I thank God that He promises to never leave or forsake us. He is a wonderful father, husband and friend. He gives wisdom, comfort and peace. Without that sweet, gentle Spirit flooding my soul over and over, I’m sure I couldn’t do this. It’s a gift that I give thanks for constantly. I’m going to survive, and I’m going to be okay. So are you---so hold fast to His promises and keep trusting. And, since we know the direction our world is headed is menacing---perhaps God’s gift to my husband was to take him before things get worse. It’s something to think about!
“The righteous perish, and no one ponders it in his heart; devout men are taken away,
and no one understands that the righteous are taken away to be spared from evil.
Those who walk uprightly enter into peace; they find rest as they lie in death.” (Isa 57:1-2)
To Every Thing There is a Season
My heart is so full of gratitude as I look back on the past seven days. No doubt they’ve been the most difficult seven days of my life. The first day I held my precious husband’s hand as our souls disconnected, and he walked into eternity. The days following are a blur, but on this breezy Sunday afternoon I have, in the depths of my being, the peace that surpasses all understanding. That doesn’t mean I don’t get hit by waves of grief that almost knock me off my feet. There is absolutely nothing as jarring to your spirit as looking at the person you love with all your heart lying in a coffin. How does one do that without searing pain? And then, how is it possible that I can have perfect peace in my heart today? Grief will still be, but In the overarching scheme of things, I’m experiencing a beautiful confidence that the Lord is holding me and that He is at the same time fellowshipping with my husband. It’s a wonderful feeling. I am thankful.
Life is both a mystery and a stark reality at the same time; a curious dichotomy. I have been present at births as well as at deaths. Both experiences open one’s eyes to the magnificence of our God. He breathes breath into a body and He stops the beating heart, snuffing out breath. It’s His sovereign decisions that cause us to celebrate one day and another day to mourn. …”all the days ordained for me were written in your book before one of them came to be.” Psalm 139:16 The power is all His; the plan His as well.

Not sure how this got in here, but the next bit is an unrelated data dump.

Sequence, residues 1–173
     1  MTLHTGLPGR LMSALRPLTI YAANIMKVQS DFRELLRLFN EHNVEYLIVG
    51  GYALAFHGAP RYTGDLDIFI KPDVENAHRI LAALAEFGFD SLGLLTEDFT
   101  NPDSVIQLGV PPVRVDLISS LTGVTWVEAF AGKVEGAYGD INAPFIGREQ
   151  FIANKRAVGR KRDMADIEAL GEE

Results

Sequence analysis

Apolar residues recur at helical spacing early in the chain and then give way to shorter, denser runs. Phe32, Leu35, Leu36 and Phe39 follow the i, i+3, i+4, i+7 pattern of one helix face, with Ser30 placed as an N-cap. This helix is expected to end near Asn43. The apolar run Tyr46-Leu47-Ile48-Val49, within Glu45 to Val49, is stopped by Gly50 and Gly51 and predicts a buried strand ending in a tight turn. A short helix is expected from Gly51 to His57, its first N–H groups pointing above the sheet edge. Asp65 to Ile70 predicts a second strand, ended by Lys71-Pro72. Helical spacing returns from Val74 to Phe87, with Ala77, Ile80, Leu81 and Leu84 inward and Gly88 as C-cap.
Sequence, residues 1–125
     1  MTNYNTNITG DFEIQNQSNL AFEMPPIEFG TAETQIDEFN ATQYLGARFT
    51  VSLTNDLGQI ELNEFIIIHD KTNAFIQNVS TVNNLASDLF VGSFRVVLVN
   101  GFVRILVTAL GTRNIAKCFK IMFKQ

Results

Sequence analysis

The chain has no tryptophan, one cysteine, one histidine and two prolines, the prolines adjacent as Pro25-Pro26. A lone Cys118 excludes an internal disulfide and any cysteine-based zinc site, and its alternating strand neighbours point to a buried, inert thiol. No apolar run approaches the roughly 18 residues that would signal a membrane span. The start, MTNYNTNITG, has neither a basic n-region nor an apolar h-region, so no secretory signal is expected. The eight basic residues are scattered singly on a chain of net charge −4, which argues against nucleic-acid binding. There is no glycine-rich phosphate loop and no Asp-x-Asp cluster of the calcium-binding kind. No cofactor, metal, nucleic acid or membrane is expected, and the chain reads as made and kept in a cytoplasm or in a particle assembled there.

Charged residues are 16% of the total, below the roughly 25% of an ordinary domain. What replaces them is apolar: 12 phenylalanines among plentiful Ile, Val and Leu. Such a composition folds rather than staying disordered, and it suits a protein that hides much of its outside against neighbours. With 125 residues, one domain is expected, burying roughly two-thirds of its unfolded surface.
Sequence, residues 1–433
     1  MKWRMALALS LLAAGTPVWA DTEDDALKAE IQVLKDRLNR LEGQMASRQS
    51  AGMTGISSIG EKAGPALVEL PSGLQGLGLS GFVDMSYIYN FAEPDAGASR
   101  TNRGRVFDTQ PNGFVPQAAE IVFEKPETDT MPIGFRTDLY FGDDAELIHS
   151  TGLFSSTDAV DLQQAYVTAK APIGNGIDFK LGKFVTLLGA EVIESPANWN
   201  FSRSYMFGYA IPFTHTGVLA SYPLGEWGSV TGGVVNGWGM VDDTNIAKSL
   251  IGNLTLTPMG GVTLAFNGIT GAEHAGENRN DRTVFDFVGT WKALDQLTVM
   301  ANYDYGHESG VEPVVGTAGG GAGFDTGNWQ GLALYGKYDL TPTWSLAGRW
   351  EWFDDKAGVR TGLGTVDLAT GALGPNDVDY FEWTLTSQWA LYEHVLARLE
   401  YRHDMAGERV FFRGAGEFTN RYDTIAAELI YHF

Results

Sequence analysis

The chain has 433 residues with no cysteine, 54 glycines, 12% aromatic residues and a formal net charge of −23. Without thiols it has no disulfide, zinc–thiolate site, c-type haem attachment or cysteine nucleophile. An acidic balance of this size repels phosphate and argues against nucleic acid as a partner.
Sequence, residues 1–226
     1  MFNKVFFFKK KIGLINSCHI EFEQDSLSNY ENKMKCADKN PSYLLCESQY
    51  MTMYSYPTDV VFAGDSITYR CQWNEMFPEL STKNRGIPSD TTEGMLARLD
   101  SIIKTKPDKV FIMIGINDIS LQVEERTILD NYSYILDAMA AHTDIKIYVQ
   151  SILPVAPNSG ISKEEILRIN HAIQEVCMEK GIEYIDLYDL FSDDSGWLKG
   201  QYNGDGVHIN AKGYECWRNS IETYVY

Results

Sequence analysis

At times my grief turns into a bit of envy. I realize that my husband is in the Presence of God; he’s enjoying laughter with family and friends he’s missed. He has no more pain, no more worries, stressors or sickness. I’m here missing him, wondering what comes next, dealing with unresolved bills, situations and responsibilities. My humanness bleeds over onto my joy that he is in heaven.
As I seek the Lord, laying all my concerns and questions at His feet, I sense that calming, peaceful Existence taking hold of my mind and body. I know without any doubt that He is with me, loving me, holding me and reassuring me that He will never leave me or forsake me. He knows what is facing me and He’s already there. Each day will find its own resolutions as He sorts things out. All I have to do is trust and obey. And to know Him. Knowing Him means knowing it’s all covered...perfectly.
The day will come when my breath will be snuffed out, my heartbeat stopped. I will have the joy of walking into the arms of Jesus, greeted by family and friends. What I endured on earth will not matter at all. All that will matter is being in the Presence of the One Who controls it all. And experiencing His love and grace. When grief tries to derail me, I am determined to take hold of His promises and hang on tight. The alternative would be pointless and pitiful. “I can do all things through Christ Who gives me strength.” And I am eternally grateful for the strength and hope and courage He is pouring into me.
Thank you for your prayers and love during this season of my life.
A Little Rain Must Fall
In this world you will have trouble, but take heart! I have overcome the world. (John 16:33)
Into every life, a little rain must fall. Sometimes it’s considerably more than a little. Sometimes it’s a flood. We can always quote happy scripture promises when things are going well, but when the deluge crashes in, it’s a bit harder to let those easy verses roll off our tongues.
This week I’ve had prayer requests from people I love that are seriously painful events:
One’s pastor fell and broke his leg in three places, requiring surgery. One’s husband’s memory problems got extremely worse and he had to be admitted to an Alzheimer’s facility. One’s son was killed in a tragic car crash. One’s daughter rebelled and ran off to marry against the family’s wishes. One who is ready to reconcile a troubled marriage doesn’t have the support of her family. One’s teenage niece is missing for a week now and no one has a trace of an idea where she might be. One suffers a debilitating disease that robs her of fulfilling her calling. I could probably list more, but my point is that many, many folks are struggling right now with issues that are far from easy.
I want to thank all of you who have loved us and prayed for my husband and me these past months. God does truly have a purpose in all things. Sometimes we can’t identify what that purpose is, but it doesn’t negate the fact that He is working behind the scenes. I already can see things in me that have surfaced that are not good. I’ve confessed and repented and realized places where my heart needs cleansing. He is teaching me many things about myself. He is also showing Himself to my husband in different ways.